Social Media, Book Signings & Why Neither Directly Impact Overall Sales

Originally posted on Kristen Lamb's Blog:

Original image via Rosaura Ochoa via Flikr Creative Commons

Original image via Rosaura Ochoa via Flikr Creative Commons

One of my AWESOME on-line pals posted something troublesome on my Facebook page. Apparently there is a recent article in a major writing magazine that declares social media does not sell books and, in a nutshell, isn’t worth the effort.I’ll warn you guys ahead of time that I went hunting for the article—at the last remaining Barnes & Noble within a 25 mile radius of my home—and couldn’t find said article (and have asked Kim to get me the specific issue). But, since this type of commentary is prevalent enough in the blogosphere, I feel I can address the overall thesis accurately enough.

Social Media Was NEVER About Selling Books Directly—Who KNEW?

Image via Flikr Creative Commons courtesy of Zoetnet.

Image via Flikr Creative Commons courtesy of Zoetnet.

I’ve been saying this for about ten years, because the idea of using social circles for sales is NOT new…

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Asclepia

Waddesdon Manor Gardens, Buckinghamshire

Waddesdon Manor Gardens, Buckinghamshire Link here.

If I should

lay me head on your lap,

my fears on your back,

my dreams on your head,

my hopes on your heart,

Would you bear them with me

or turn away

for a lighter burden?

Forgotten Poem

 

"Still-Life in Praise of the Pickled Herring "by Joseph de Bray (1656(

“Still-Life in Praise of the Pickled Herring “by Joseph de Bray (1656) Link here.

Every word I write

fails to move You

Every line I create

fails to persuade You,

Every verse I create

fails to amuse You,

 

Still I write,

believing in the faint hope

that these words

will one day

morph into a beautiful poem,

that will find a home

in  the rhythm Your heart.

 

 

Chaotic Love

Statute of Venus Giving Arms to Aeneas, New York, NY

Statute of Venus Giving Arms to Aeneas, New York, NY

Love has Her defenses

of that you can be sure,

against the forceful way of War

Love will always endure.

But what happens,

when Love’s gentle touch

desires to get entangled

in the rough hands of War?

Pure Chaos.

Five Mistakes KILLING Self-Published Authors

Originally posted on Kristen Lamb's Blog:

Rise of the Machines Human Authors in a Digital World, social media authors, Kristen Lamb, WANA, Rise of the Machines

When I began writing I was SO SURE agents would be fighting over my manuscript. Yeah. But after almost thirteen years in the industry, a lot of bloody noses, and even more lessons in humility, I hope that these tips will help you. Self-publishing is AWESOME, and it’s a better fit for certain personalities and even content (um, social media?), but we must be educated before we publish.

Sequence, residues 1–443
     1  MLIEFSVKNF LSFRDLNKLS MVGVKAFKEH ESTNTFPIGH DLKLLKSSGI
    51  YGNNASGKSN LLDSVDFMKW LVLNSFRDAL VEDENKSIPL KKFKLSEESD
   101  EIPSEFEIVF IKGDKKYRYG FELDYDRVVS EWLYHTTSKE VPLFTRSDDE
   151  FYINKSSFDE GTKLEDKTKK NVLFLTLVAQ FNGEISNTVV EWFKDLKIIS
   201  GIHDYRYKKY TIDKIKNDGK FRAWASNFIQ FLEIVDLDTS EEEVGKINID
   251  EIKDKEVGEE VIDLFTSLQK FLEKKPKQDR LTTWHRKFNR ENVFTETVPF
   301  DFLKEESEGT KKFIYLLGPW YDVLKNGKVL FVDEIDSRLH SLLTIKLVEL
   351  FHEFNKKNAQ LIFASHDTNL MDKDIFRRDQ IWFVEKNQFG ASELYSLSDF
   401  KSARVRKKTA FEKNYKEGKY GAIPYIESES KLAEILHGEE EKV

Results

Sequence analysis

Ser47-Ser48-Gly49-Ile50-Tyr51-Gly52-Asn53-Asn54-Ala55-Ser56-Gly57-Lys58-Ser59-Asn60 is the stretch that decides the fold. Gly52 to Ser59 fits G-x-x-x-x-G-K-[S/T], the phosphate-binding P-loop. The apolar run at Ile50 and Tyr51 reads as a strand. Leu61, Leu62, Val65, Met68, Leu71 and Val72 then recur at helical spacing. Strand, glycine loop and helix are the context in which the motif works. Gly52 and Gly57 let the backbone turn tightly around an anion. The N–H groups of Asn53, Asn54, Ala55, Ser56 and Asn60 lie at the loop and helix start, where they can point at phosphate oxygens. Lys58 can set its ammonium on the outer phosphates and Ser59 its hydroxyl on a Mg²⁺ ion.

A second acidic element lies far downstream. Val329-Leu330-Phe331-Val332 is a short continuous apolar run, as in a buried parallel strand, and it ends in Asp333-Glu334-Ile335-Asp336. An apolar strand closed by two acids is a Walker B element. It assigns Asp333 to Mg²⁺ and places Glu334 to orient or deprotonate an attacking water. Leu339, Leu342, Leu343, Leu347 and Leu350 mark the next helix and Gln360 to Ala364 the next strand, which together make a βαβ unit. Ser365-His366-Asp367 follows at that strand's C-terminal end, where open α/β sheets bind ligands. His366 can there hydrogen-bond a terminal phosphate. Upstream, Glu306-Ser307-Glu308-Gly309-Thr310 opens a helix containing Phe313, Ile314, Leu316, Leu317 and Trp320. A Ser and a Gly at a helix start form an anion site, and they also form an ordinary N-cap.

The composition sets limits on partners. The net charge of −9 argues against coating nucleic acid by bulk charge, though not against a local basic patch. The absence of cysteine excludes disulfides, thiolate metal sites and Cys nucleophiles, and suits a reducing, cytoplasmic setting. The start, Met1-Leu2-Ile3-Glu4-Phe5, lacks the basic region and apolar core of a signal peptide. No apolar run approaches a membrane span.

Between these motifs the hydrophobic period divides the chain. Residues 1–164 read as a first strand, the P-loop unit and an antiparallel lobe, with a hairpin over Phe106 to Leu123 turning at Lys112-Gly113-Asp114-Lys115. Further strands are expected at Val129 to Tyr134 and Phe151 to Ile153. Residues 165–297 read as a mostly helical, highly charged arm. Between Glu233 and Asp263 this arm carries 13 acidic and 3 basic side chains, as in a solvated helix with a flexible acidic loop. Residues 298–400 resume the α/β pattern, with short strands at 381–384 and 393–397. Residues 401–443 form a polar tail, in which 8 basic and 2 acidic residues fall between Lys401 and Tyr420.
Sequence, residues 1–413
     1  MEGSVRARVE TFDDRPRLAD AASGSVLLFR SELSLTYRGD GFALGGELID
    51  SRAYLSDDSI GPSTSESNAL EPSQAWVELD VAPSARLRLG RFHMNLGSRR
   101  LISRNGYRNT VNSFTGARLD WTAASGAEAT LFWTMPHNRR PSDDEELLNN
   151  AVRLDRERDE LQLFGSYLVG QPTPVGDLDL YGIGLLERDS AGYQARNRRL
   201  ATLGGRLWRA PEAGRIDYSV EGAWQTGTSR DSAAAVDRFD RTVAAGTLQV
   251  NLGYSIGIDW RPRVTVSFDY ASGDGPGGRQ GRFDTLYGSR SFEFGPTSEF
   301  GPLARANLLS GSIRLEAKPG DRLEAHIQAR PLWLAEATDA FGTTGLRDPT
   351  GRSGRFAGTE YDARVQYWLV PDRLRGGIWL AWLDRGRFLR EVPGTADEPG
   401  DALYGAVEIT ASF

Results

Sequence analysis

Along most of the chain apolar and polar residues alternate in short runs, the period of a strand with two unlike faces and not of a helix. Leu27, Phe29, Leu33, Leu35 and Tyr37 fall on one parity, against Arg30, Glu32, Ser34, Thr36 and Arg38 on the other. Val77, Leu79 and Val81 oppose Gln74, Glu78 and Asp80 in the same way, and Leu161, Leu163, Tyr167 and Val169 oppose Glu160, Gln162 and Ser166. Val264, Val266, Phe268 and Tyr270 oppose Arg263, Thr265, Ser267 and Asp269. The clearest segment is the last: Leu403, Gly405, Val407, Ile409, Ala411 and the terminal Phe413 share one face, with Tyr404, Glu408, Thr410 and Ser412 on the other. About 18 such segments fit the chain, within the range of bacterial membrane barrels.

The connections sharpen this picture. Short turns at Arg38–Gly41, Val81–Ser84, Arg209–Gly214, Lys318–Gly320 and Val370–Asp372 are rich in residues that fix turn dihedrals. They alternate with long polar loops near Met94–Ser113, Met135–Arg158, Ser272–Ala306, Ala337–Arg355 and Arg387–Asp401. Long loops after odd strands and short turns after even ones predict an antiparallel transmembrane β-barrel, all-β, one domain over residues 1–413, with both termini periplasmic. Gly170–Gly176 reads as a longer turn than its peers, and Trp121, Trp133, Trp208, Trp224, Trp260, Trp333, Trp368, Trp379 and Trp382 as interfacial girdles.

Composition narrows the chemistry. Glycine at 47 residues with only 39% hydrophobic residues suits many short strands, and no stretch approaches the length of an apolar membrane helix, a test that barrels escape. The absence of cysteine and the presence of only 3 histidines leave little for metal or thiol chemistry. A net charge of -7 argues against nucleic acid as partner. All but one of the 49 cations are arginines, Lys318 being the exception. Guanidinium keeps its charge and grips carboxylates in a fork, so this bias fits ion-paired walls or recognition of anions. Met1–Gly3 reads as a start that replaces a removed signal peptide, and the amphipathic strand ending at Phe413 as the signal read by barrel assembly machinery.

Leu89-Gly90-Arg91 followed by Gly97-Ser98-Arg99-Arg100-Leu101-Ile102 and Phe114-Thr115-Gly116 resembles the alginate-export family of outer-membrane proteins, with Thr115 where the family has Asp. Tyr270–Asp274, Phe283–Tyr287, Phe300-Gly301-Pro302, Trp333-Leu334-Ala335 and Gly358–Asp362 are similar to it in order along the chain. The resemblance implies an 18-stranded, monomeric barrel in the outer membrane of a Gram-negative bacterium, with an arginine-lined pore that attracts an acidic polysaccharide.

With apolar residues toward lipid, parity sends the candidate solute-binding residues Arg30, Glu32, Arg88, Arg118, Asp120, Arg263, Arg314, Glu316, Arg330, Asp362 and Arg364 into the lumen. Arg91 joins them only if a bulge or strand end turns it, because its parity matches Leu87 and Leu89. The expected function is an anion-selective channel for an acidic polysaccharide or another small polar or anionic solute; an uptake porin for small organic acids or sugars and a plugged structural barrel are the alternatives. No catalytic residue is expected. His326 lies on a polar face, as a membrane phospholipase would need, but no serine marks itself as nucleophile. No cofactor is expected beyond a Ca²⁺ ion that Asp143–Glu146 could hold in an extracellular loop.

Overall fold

Mistake #1 Publishing Before We Are Ready

The problem with the ease of self-publishing is that it is, well, too easy. When we are new, frankly, most of us are too dumb to know what we don’t know. Just because we made As in English, does not automatically qualify us to write a work spanning 60,000-100,000 words. I cannot count how many writers I’ve met who refuse to read fiction, refuse to read craft books, and who only go to pitch agents…

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Chronicles of a Indie Publicist: The Top 10 Marketing Mistakes of the Self-Published Author

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The Problem

As a person who has worked in book (specifically eBook) marketing for a while, I’m starting to notice a startling disconnect.

Self-publishing authors are repeating the same marketing mistakes over and over again.

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Every day I come across authors who overload their social media profiles, spam their followers, and then complain about the results. I come across authors who refuse to invest more than a few dollars in a eBook, but complain about exposure.(Consider that a traditional publisher has to spend thousands to market one book!)

This needs to stop.

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Everyone involved in the self-publishing industry deserves better.

Getting to a Solution

Part of the solution involves two factors: time and education.

The first part of the puzzle is time. As I mentioned in another post, the self-publishing industry is still developing. It takes time for an industry to get its footing and gain acceptance in a society.

The other half of this puzzle is education.This is where I see the strongest disconnect and coincidentally the strongest opportunity for a solution. In my view, eBook marketing, self publishing, and indie publishing are not receiving the same level of detail and research as other forms of products. Ebook publishing and marketing is treated like a hobby or “get rich quick scheme” rather than a business. This view hurts everyone-readers, prospective authors, and the industry as a whole.

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To help spark the conversation, I wanted to start a series of blog posts on addressing some of the marketing errors that I have come across.You can see those errors below. I certainly don’t have all of the answers, but I would like to spark the conversation so we can get better answers. Right now, the self-publishing industry is full of information, but short of implementation.

Let’s change that.

Errors in Planning

1. Not checking out the market or competition

2. Not creating a goal for their marketing efforts

3. Not spending enough money for their marketing efforts

Errors in Implementation

4. Not engaging in social media

5. Engaging in too many social media accounts

6. Spamming their followers

Errors in Follow-up

7. Not keeping track of their marketing efforts

8. Not updating their marketing plans on a basis

9. Not seeking to learn more about the business of publishing

10. Not improving with the next book

Photo Credits (Courtesy of Flickr/PhotoPin)

Photo 1: http://www.flickr.com/photos/soamplified/5633265669/

Photo 2: https://www.flickr.com/photos/kalexanderson/5888585442/

Photo 3: https://www.flickr.com/photos/inoxkrow/150080109/

Photo 4: https://www.flickr.com/photos/hadock/12137501845/

Review: The Shredded Chef: 114 Recipes for Getting Ripped and Healthy

The Shredded Chef: 114 Recipes for Getting Ripped and Healthy
The Shredded Chef: 114 Recipes for Getting Ripped and Healthy by Michael Matthews
My rating: 5 of 5 stars

Pros: Nice photography, easy recipes, Ingredients involved more natural ingredients than I expected

Cons: Navigating the Table of Contents